After considering the background, the court decided that the risk of increase in public confusion was not substantial. The judge also observed that in recent years, the appellant, C.S.S. Jewellery Company Limited, had been deliberately using the mark in a slightly different manner and in addition had been using it with other logos and marks in attempt to distinguish its goods and services from those of the other branch of the family. To refuse registration because of this shift “would have the practical effect of ‘penalizing’ the appellant for its effort to lessen the potential confusion to the public". Allowing the application will not prevent the other branch from using CHOW SANG SANG because of its earlier registration. On the other hand, in view of the growing animosity between the two branches, rejecting the application may effectively prevent the applicant from using the mark in the future because of a real threat of a claim of infringement of the earlier mark.

On the issue of public confusion, the court confirmed that there is a distinction between creation of public confusion and an increase of public confusion in allowing registration of a similar mark for the same or similar goods or services. Where other factors, such as honest and concurrent use or special circumstances exist, the existence of public confusion is not necessarily enough to reject registration.

After weighing the relevant factors, the court concluded that the “application should not have been thrown out the window” by the Registrar of Trade Marks. While the other branch may still oppose its counterpart’s application on other grounds as the application continues to publication and public notice, the Registrar of Trade Marks was wrong in its reasoning for rejecting the application at this stage.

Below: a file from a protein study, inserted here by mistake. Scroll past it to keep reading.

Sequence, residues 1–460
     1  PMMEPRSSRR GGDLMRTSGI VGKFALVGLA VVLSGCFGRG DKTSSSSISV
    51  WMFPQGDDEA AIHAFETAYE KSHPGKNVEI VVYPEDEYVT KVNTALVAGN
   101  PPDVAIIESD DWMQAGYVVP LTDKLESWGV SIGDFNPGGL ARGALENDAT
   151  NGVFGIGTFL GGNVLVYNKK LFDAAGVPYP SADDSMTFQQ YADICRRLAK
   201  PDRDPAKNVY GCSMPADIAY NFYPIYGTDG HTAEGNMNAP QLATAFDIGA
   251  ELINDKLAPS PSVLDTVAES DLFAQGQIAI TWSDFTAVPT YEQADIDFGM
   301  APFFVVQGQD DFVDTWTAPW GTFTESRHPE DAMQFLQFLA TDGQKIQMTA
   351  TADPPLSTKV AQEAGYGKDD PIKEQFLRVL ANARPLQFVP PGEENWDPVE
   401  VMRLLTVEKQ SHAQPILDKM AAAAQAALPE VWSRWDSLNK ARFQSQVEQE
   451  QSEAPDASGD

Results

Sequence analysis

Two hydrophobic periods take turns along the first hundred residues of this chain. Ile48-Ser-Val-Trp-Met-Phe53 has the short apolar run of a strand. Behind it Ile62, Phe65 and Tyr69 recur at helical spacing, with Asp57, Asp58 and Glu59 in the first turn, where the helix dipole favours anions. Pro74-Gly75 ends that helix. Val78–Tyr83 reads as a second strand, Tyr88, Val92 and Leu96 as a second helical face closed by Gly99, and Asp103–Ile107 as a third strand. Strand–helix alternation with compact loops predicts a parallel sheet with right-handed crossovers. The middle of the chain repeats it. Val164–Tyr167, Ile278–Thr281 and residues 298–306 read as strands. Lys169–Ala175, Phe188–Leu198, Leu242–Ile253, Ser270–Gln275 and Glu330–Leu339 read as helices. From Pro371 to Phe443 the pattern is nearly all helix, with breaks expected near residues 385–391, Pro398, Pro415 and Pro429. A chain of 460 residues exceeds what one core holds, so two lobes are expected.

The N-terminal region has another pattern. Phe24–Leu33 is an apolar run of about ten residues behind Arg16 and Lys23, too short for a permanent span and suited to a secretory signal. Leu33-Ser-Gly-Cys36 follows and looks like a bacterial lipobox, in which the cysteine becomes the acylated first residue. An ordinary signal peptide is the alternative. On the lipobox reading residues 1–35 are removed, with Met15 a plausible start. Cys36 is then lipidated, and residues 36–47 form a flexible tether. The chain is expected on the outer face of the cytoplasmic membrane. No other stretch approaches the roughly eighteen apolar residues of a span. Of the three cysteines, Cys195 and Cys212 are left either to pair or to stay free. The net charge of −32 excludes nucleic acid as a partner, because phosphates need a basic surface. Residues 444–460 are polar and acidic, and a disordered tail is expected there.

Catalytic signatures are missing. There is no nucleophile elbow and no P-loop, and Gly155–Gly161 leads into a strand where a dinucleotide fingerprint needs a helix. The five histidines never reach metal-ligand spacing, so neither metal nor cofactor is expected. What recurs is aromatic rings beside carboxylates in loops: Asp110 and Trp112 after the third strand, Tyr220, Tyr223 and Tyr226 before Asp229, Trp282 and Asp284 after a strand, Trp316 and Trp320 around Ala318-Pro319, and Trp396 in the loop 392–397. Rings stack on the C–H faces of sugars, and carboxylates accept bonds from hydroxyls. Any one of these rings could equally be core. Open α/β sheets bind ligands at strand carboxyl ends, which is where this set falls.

One point of interest is the court stopping short of saying “the public has got use to the confusion or possible confusion”. Given the proliferation of franchising and product licensing, the shifting nature of trademarks from being badges of origin to endorsement of providers of goods and services by trademark owners may be factors in countering rejection due to the likelihood of public confusion.

In other words, it may be possible in the right situation to argue that the public understands that trademarks are used by unrelated businesses and that such usage does not necessarily indicate the goods and services originated from the trademark owners. Instead, common usage may reflect the trademark owner’s endorsement of the goods and services bearing the mark.
When a consumer visits a fast food restaurant operating under the same trademark as numerous other similar restaurants, the consumer may not assume automatically that all such restaurants are operated by the same entity. While the consumer may have some expectation of uniformity in menu and service, he or she may understand that each is a separate business entity operating with the permission of the trademark owner. In such a situation, public confusion may be minimal.